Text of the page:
262548 Dynamic Modeling to Study Reversible Poisoning of a Catalytic Bed
Catalyst poisoning in tubular reactors is a common problem in many chemical processes using a variety of catalysts including zeolites, and transition metals. A theoretical model that can help describe the reversible deactivation phenomena accurately can help manage the plant and optimize reactor throughput. In this work, we present a detailed dynamic model used to describe the activation and deactivation cycles in a catalytic reactor used for a common exothermic reaction.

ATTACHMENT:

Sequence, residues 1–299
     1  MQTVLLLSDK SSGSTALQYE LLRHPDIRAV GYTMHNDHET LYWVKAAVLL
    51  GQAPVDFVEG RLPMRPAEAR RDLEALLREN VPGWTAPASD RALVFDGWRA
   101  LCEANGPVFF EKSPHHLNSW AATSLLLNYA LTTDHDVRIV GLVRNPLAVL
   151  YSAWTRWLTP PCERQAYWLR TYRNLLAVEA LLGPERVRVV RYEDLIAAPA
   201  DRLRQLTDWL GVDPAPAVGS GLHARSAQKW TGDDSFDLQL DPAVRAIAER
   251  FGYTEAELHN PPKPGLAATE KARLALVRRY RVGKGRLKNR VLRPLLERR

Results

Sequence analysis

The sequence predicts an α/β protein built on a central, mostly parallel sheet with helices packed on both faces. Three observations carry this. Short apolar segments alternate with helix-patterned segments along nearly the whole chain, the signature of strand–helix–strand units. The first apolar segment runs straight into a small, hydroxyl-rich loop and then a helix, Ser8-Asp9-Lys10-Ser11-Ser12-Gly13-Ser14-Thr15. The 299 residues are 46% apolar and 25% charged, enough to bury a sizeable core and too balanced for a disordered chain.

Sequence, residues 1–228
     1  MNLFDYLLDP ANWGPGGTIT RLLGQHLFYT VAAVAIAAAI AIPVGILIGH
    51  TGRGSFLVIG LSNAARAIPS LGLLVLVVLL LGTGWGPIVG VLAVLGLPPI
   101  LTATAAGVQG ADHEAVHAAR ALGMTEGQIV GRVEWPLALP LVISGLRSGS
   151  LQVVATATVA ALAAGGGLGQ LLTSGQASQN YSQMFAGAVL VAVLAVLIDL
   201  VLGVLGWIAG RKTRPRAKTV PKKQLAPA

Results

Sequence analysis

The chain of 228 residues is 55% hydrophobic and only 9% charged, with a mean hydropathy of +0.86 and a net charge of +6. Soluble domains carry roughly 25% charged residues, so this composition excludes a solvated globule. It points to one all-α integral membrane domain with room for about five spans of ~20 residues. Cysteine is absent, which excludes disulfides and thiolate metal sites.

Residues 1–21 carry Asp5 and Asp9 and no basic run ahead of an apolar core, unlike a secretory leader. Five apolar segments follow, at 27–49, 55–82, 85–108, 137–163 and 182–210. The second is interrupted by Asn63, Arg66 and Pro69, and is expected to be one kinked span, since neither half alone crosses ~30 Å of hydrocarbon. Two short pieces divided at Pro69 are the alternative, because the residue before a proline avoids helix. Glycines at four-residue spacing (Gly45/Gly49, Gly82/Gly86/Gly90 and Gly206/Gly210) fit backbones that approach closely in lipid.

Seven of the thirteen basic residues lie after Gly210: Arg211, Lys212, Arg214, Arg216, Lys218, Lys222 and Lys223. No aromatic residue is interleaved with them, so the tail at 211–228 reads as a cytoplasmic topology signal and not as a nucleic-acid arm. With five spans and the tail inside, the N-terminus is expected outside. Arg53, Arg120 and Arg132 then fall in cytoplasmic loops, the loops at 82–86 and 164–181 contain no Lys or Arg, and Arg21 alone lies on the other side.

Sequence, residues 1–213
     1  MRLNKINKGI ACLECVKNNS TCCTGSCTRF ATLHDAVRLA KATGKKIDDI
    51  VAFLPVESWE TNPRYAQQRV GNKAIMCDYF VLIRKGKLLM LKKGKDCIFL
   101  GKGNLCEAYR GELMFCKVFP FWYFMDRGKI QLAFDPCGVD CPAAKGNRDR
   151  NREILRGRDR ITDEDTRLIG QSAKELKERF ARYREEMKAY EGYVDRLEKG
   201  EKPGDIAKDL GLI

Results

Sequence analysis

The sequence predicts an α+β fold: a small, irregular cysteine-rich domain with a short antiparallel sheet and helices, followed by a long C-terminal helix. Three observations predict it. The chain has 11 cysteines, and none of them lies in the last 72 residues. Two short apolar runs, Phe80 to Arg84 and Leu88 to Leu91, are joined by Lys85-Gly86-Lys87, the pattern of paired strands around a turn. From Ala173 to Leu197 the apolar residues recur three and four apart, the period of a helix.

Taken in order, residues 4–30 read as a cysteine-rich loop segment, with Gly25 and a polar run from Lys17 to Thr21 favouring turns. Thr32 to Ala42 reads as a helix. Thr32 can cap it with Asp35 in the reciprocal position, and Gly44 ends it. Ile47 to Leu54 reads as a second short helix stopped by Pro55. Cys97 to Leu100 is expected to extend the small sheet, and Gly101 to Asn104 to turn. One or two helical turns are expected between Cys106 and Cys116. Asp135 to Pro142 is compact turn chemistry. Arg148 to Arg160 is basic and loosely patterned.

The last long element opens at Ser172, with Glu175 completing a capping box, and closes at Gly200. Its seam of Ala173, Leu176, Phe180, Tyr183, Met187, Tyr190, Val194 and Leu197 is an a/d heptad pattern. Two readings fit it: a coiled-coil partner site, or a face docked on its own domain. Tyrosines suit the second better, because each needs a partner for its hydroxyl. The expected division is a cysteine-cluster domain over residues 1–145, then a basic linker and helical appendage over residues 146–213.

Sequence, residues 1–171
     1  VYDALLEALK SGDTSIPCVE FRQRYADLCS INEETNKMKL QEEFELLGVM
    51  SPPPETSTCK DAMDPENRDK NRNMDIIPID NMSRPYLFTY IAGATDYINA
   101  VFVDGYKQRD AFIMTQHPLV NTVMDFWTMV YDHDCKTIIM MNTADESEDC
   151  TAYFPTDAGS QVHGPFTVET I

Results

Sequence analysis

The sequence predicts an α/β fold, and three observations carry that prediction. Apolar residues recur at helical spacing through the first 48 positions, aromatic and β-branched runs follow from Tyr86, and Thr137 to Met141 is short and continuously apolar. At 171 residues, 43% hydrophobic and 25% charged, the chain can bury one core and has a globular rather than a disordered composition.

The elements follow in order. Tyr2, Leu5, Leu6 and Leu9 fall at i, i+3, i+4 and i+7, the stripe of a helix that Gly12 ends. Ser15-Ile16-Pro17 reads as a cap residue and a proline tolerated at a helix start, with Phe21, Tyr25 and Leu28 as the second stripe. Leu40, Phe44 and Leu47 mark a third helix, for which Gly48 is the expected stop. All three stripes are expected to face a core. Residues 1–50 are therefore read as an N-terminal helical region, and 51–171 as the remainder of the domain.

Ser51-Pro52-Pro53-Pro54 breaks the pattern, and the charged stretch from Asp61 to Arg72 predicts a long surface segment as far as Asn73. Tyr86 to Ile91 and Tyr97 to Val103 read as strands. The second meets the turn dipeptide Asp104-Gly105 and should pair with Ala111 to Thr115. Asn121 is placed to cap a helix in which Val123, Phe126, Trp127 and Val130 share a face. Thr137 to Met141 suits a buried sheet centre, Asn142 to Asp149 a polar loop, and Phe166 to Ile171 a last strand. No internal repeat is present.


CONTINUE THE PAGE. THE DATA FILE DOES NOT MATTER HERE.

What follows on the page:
It was observed that a trace impurity (such as ammonia found in ppm level) decreases the active life of the catalyst bed considerably. As the catalyst bed deactivates, the peak temperature moves down the bed rendering the initial part of the bed incapable of participating in the reaction. After the overall conversion drops significantly, the bed can regenerated by steam stripping the ammonia. These phenomena have been simulated using a dynamic model. All the parameters were estimated independently based on a variety of laboratory measurements.